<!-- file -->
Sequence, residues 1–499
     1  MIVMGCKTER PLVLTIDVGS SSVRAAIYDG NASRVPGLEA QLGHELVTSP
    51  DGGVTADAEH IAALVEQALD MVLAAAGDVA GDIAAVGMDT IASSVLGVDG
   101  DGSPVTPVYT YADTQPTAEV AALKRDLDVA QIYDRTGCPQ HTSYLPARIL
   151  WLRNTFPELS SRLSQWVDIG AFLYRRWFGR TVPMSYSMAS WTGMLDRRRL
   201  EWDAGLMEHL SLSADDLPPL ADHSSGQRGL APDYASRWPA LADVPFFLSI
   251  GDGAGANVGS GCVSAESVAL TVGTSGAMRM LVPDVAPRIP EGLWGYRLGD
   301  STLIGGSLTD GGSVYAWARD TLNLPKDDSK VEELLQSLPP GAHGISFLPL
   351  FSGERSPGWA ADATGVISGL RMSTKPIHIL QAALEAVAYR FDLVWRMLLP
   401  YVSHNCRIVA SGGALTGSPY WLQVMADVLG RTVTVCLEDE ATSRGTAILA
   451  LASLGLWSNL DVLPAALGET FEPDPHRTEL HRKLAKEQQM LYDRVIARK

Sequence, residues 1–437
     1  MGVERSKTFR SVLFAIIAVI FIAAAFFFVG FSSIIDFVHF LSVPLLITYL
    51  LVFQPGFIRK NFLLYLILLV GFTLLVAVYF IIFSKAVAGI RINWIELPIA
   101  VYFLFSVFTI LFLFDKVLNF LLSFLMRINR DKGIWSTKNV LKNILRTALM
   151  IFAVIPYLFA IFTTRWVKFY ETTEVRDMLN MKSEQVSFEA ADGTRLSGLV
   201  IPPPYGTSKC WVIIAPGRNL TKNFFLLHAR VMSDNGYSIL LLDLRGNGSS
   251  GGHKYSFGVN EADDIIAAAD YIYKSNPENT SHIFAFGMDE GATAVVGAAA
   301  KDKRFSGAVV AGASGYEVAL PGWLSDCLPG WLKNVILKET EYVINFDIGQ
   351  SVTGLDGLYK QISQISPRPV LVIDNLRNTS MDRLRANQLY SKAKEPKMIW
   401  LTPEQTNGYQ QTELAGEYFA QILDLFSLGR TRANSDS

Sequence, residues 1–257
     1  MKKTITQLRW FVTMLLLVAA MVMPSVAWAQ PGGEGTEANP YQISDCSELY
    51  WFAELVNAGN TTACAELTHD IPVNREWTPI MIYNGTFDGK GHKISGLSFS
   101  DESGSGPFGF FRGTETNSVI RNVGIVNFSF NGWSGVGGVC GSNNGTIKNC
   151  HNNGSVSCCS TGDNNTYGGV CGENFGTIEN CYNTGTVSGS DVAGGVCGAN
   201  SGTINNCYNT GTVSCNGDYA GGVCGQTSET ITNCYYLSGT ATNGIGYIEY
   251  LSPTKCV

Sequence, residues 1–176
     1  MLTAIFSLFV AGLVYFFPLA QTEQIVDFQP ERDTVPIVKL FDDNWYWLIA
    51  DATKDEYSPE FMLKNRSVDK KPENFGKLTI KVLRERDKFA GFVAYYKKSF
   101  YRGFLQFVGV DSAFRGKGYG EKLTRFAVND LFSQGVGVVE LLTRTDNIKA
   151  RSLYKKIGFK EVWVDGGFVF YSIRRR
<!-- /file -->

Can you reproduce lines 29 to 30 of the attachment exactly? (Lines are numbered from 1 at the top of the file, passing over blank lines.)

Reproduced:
Sequence, residues 1–176
     1  MLTAIFSLFV AGLVYFFPLA QTEQIVDFQP ERDTVPIVKL FDDNWYWLIA